Description of franchise and affiliation alternatives including standard franchise agreements; management contracts with branded operations; management contracts with unbranded operators coupled with franchise agreements; licensing agreements; strategic marketing alliances
HADM 8800

Hotel Assets

Page 8

Discussion of criteria to evaluate affiliation alternatives including: analyzing the business mix; assessing the potential benefits of affiliation; determining the costs of affiliation; evaluating the costs versus the benefits of affiliation; evaluating potential conflicts of interest

Article: “The Role of Bran Affiliation in Hotel Market Value,” by John O’Neill and Qu Xiao, Cornell Quarterly, August 2006, 210 – 223.
Session 10 :
Group presentations of affiliation agreements, determination if benefits outweigh costs and why for specified hotel location, type and size of hotel
Panel of franchisors and franchisees to address questions
Assignment for Session 11:

Review samples of resources provided - the STAR Report (Smith Travel Research) and PKF’s Trends

Text – Chapter 9

Article: “Strategic Hotel Development and Positioning: The Effects of Revue Drivers on Profitability,” by John O’Neill and Anna Mattilla, Cornell Quarterly, May 2006, 146-154.

“An Automated Valuation Model for Hotels.” J. O’Neill, Cornell Quarterly, August 2004, 260 – 268.
Session 11:
Framework for Analyzing Hotel Performance

Revenue benchmarking using industry data sources

Comparative analysis techniques;

Hotel financial statement line items – Percentage of total sales/applicable department revenue (PER); dollars per available room (PAR); and dollars per occupied room (POR); Additional available metrics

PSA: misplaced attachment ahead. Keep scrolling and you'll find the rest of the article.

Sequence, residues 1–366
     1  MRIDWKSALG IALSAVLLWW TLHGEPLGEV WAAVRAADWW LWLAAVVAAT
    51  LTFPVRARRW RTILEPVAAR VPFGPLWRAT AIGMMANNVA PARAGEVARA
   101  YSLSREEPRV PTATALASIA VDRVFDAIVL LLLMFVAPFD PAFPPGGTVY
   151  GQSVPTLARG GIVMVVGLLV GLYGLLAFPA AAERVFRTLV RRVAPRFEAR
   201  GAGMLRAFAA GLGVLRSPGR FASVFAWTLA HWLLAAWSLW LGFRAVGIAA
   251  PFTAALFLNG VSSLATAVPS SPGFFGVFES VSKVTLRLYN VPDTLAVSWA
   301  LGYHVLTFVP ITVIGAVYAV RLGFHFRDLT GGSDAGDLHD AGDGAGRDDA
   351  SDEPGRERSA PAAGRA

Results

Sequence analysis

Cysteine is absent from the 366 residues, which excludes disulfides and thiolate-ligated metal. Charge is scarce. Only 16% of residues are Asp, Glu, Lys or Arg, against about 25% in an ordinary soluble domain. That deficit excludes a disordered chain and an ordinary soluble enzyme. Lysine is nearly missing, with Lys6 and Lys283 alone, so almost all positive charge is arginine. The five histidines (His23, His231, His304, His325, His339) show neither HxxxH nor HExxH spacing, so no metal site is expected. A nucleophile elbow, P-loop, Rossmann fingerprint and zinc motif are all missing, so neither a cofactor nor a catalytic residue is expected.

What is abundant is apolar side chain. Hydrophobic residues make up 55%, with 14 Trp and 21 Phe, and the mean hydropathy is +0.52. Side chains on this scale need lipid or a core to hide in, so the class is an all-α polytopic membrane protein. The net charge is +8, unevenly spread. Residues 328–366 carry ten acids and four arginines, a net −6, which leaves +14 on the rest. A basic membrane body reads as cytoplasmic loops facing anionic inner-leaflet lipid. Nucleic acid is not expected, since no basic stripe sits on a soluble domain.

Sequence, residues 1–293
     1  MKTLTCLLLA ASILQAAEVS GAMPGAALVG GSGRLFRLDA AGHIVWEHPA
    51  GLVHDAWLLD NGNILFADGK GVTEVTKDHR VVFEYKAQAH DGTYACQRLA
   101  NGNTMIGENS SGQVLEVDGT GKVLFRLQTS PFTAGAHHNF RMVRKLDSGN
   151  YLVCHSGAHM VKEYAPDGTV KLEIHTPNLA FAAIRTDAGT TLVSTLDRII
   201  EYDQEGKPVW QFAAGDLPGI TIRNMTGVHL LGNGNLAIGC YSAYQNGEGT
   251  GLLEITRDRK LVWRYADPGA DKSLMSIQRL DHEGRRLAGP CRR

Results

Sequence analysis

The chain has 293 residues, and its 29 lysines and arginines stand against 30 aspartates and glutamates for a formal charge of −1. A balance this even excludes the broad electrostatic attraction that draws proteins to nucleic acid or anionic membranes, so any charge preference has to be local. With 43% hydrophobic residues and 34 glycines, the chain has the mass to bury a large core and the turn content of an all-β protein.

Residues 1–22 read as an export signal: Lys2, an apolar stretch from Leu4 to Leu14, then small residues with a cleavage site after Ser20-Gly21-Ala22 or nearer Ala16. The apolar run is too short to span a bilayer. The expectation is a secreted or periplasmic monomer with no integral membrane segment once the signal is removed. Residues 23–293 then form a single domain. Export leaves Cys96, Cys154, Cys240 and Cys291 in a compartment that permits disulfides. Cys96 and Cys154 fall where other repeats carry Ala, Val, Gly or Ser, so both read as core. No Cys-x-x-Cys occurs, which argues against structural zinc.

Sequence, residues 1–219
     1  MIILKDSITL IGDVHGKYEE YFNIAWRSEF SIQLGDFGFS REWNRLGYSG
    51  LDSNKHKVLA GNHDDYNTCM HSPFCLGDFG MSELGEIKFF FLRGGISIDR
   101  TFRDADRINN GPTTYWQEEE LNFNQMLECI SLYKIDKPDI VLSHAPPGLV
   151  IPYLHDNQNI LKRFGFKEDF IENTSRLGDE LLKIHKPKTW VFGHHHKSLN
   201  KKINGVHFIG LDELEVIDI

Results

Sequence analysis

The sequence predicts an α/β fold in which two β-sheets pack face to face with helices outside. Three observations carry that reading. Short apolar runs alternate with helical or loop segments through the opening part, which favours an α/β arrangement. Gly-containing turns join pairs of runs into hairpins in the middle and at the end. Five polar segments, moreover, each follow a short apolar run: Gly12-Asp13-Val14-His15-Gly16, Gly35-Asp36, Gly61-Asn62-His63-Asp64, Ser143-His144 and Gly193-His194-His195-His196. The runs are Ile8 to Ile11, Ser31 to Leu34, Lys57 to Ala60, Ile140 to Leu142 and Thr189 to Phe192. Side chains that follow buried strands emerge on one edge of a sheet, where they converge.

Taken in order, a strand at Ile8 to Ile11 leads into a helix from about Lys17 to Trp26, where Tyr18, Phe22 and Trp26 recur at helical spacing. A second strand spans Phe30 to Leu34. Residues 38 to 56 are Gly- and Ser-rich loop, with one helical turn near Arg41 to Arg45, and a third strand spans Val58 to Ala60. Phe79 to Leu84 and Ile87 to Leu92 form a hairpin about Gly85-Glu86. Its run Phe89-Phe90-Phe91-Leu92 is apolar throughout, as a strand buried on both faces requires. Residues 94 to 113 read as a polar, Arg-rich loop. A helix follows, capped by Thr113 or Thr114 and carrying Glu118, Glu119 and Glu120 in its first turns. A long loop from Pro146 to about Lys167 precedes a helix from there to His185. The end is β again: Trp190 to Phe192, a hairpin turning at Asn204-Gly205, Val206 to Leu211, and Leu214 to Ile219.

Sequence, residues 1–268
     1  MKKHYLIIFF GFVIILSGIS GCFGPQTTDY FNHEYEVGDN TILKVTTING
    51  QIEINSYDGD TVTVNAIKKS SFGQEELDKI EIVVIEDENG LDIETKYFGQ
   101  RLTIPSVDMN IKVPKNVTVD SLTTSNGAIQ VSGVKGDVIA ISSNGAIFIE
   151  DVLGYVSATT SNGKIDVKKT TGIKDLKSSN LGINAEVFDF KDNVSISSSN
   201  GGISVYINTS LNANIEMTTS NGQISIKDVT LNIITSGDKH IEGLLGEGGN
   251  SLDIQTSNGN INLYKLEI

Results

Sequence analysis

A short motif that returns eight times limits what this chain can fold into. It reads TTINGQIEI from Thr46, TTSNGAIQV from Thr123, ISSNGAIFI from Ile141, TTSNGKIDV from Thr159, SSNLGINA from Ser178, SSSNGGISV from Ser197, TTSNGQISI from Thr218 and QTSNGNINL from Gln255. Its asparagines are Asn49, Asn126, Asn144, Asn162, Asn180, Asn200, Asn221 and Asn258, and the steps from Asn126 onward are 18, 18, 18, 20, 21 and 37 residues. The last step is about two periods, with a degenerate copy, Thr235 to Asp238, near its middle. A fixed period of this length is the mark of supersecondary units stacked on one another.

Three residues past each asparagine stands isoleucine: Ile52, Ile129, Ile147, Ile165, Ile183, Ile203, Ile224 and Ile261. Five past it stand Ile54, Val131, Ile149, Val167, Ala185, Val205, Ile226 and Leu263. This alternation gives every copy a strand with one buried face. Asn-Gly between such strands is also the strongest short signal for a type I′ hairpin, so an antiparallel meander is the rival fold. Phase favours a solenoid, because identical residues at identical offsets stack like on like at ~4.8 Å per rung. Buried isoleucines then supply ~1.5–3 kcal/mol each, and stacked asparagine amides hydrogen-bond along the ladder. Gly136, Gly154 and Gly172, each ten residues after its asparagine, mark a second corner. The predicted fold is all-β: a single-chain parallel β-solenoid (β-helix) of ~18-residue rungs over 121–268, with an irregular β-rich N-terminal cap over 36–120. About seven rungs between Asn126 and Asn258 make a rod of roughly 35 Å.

Assignment: Case study involving “Buy, Hold or Sell” to be completed individually and due on Session 14

HADM 8800

Hotel Assets

Page 9

Text: Chapters 10, 11, 13

Additional readings: “Buying High and Selling Low in the Lodging Property Market” by John B. Corgel and Jan A. deRoos, Cornell Quarterly, October-December 2003, 69-75.

“Buying High and Selling Low Revisited: The ‘Quiet Industry,’ Cornell Quarterly, Oct. – Dec. 2003, 76-80.
Session 12:
Capital Expenditures; CapEx process

Concept of risk in investment analysis; Risk analysis techniques

Assignment: Text – Chapter 4
Session 13 :
Global hotel investments;

Trends of investments in the U.S. and U.S. investments abroad;

Discussion of major issues to evaluate in investing internationally including:

Country’s legal system; currency risk; local business practices and conditions; tax and financial considerations; political stability, communication – along with cultural fit. Current issues in international hotel investments

Review of The HotelBenchmark Survey by Deloitte which tracks trends worldwide across 140 countries and Ernst and Young’s Global Hospitality Insights

Sessions 14 & 15:
Discussion of case along with industry representatives present

Session 16 - Final exam